A BOLTON MP outlined Bolton's mass trespass of 1896 in support of the case for a statutory "right to roam".

In a bid to ensure the Government goes ahead with access legislation to uncultivated land, David Crausby recalled how, in the late summer of 1896, "the people of Bolton were taught the hard lesson that those who own land want to keep it entirely for themselves. Nothing much has changed."

The Bolton North East Labour Backbencher told his parliamentary colleagues that Colonel Ainsworth, who owned the local bleachworks, decided to close a track leading to Winter Hill.

The MP said this denied the right of access to thousands of local workers to walk in the fresh air and enjoy the countryside after a week's work. He hired extra men to use force to keep walkers off his property, erecting signs saying that trespassers would be prosecuted, and built a locked gate to block the road.

Mr Crausby said: "Ainsworth's action caused outrage in Bolton and a protest was organised inviting the public to join a demonstration at Winter Hill on the following Sunday. The demonstrators intended to test the right of way over the moors."

A crowd of a thousand swelled to more than 10,000 as workers flocked from their rows of terraced houses.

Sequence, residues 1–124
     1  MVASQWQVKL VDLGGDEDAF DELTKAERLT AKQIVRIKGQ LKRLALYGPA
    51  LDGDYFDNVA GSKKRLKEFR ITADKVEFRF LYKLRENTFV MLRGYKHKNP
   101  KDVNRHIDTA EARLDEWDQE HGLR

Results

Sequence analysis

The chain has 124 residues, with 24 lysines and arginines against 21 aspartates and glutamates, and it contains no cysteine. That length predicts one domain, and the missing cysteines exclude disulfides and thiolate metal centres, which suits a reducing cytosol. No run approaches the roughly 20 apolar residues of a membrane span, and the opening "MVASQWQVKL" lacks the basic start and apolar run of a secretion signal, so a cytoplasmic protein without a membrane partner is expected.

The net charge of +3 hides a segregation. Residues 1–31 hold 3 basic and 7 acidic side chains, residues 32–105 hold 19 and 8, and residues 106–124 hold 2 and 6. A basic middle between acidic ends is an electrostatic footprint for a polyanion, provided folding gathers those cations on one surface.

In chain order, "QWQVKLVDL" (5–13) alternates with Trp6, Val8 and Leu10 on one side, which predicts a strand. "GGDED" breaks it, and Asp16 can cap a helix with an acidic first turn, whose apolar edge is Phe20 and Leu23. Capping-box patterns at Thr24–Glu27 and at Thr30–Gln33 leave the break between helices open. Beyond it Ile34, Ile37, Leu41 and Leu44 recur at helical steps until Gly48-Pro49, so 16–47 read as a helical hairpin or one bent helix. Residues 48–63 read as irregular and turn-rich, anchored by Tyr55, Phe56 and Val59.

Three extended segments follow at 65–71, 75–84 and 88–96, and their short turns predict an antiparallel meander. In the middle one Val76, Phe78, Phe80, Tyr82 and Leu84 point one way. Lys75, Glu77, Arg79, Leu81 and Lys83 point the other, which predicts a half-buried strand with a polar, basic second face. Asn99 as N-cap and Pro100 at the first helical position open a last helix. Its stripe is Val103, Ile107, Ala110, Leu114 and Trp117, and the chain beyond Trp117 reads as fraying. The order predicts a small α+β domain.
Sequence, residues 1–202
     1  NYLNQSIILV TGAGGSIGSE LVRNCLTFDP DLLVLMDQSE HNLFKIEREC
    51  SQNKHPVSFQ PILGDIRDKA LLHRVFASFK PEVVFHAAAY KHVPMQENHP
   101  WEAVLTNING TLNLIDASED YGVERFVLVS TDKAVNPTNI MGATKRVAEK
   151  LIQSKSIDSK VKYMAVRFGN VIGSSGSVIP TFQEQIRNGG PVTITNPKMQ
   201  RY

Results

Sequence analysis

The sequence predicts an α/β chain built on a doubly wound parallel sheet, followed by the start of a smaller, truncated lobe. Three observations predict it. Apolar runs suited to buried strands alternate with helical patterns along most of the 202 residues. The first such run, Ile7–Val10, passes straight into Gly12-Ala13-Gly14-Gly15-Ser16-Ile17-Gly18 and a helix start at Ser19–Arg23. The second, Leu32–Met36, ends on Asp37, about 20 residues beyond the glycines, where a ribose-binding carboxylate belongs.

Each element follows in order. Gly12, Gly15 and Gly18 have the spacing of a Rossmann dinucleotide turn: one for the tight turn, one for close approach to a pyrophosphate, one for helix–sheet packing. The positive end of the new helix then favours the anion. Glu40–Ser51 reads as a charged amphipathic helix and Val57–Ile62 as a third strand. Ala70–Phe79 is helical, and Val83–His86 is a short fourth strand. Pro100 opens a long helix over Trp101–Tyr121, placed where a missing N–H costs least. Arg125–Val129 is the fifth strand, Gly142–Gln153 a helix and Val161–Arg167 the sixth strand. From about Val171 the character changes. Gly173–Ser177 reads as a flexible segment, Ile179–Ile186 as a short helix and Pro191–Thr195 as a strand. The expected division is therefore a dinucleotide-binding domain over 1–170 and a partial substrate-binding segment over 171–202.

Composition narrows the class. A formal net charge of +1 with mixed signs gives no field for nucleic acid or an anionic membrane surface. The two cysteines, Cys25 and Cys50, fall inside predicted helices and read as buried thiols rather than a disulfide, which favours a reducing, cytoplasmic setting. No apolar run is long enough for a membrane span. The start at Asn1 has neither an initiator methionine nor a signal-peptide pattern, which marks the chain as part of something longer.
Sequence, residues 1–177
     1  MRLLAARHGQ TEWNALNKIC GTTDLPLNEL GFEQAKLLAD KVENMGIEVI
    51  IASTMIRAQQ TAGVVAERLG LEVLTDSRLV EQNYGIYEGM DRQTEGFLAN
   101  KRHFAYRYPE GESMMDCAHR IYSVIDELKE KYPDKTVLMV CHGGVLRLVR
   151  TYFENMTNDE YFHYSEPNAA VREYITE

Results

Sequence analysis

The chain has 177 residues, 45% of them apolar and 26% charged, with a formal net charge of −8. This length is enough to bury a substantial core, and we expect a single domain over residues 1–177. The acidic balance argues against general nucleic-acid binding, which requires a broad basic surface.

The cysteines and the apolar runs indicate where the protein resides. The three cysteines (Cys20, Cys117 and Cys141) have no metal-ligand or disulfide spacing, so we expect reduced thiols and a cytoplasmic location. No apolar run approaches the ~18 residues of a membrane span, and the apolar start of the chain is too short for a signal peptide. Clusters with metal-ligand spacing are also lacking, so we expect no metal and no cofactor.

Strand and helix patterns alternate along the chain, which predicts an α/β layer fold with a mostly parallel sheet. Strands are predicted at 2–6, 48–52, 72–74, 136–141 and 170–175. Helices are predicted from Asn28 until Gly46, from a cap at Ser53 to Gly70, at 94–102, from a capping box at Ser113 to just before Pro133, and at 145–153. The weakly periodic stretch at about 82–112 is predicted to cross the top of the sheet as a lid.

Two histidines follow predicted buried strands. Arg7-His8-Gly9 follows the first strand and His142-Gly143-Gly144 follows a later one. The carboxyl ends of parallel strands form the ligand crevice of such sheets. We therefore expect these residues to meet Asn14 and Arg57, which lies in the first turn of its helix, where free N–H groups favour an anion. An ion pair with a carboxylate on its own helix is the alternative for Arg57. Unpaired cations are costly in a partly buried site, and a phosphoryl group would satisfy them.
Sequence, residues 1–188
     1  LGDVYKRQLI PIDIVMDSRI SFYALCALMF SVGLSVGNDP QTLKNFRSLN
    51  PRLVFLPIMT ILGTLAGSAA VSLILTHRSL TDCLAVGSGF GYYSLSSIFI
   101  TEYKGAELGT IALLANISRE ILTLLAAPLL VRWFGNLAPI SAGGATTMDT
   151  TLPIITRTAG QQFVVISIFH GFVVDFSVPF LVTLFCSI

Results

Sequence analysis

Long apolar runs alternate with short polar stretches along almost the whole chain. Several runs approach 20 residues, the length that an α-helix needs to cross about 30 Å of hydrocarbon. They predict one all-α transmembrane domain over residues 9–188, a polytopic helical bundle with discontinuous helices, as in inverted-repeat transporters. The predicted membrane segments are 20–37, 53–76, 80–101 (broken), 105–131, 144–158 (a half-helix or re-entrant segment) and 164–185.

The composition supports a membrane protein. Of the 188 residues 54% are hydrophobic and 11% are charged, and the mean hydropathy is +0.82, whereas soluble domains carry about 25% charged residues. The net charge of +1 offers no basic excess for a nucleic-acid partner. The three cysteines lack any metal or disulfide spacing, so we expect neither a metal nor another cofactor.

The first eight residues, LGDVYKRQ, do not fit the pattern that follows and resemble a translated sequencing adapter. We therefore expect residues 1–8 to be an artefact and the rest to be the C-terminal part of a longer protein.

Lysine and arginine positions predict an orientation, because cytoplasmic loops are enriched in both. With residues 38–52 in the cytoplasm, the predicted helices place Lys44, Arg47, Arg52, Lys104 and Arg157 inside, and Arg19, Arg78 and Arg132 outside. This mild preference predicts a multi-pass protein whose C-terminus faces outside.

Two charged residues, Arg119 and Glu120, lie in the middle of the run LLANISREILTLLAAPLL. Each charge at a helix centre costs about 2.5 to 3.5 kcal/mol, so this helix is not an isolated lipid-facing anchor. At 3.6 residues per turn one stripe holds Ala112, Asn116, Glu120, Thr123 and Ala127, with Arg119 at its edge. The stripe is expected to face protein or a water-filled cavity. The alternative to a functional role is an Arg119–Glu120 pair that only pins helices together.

Bolton socialist Joe Shufflebottom told the crowd: "We have met today to say to Messrs Ainsworth and Co that we, the people of England, have the right to pass through, and we will do so."

And Mr Crausby said that there were scuffles at this march, although a following procession of 12,000 walked over the land to Belmont without trouble a week later.

Mr Crausby said he hoped that this year the right called for by Mr Shufflebottom would be delivered and said that, sadly, the mass movement died off after 1896.

Describing the protest as "neither a total failure nor a massive success", the MP has told Environment Protection Minister Michael Meacher - in charge of the legislation: "The lesson of the story is that it does not matter how many people march over the moor - be it 10,000 or 100,000.

"Without a statutory Right to Roam, the rights of the privileged few will eventually take precedence over the majority.

"The law will continue the rights of the Colonel Ainsworths of the world to shoot grouse along with a small party of their friends to be more important than the rights of millions to enjoy the countryside.

"That is why a statutory Right to Roam is essential."

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